Tuesday, November 30, 2010

chewy granola bars

Decent snacks are hard to find here.  Either they are really bad for you or really expensive.  When I tried this recipe out I couldn’t believe how easy and good these things are.  Definitely better then Quaker chewy granola bars and way cheaper.

Quick-cook oatmeal

1 small can sweetened condensed milk (the sweeter and thicker the better- it varies by brand)

grated dried coconut (if the flakes are large, run them through a food processor)
chocolate chips
margarine or butter

Stir together the oatmeal, condensed milk and dried coconut. I find about 3 cups of oatmeal fits well in a 9X13 pan.  Use enough of the condensed milk to moisten all the oatmeal. You probably will not need the whole can.  Add coconut to taste- I use about a cup.  I find it absorbs moisture and helps bind the oatmeal and keep the bars soft.  Let sit for about 10 minutes for the oatmeal and coconut to soften.  Add as much chocolate chips as you want.  Spread in a pan, and bake for about 30 minutes (watch closely the first time- I’ve found different brands of condensed milk require different cook times.  You want the edges to brown but not burn).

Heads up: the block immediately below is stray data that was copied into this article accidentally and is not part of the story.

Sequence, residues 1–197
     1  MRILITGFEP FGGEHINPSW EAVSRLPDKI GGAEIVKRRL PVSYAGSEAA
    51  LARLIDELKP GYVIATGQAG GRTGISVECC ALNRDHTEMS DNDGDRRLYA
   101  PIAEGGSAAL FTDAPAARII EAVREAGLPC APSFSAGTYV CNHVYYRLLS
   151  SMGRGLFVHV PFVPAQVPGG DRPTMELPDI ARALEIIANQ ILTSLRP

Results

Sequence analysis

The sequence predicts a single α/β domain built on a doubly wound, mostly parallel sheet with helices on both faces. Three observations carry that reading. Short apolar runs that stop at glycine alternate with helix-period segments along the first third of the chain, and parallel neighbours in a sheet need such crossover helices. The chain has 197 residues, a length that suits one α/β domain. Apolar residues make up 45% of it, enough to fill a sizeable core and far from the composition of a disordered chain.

That’s it!  These keep for about a week, maybe a bit longer if refrigerated.  If they turn out too crispy, just cover with some aluminum foil and let sit a while, and they will soften nicely.

Saturday, November 27, 2010

living with goats, part 214.....

This is Homer, our billy goat. Homer has recently discovered goat paradise, aka the hood of our tractor. Since it has been so rainy, Daniel put a bag of corn on top of the tractor and covered it with a saddle blanket to keep it dry. Homer now jumps up on the hood of the tractor, nibbles a bit of corn through the hole he chewed in the bag, and then settles down for a cozy night, warm and dry on the tractor hood.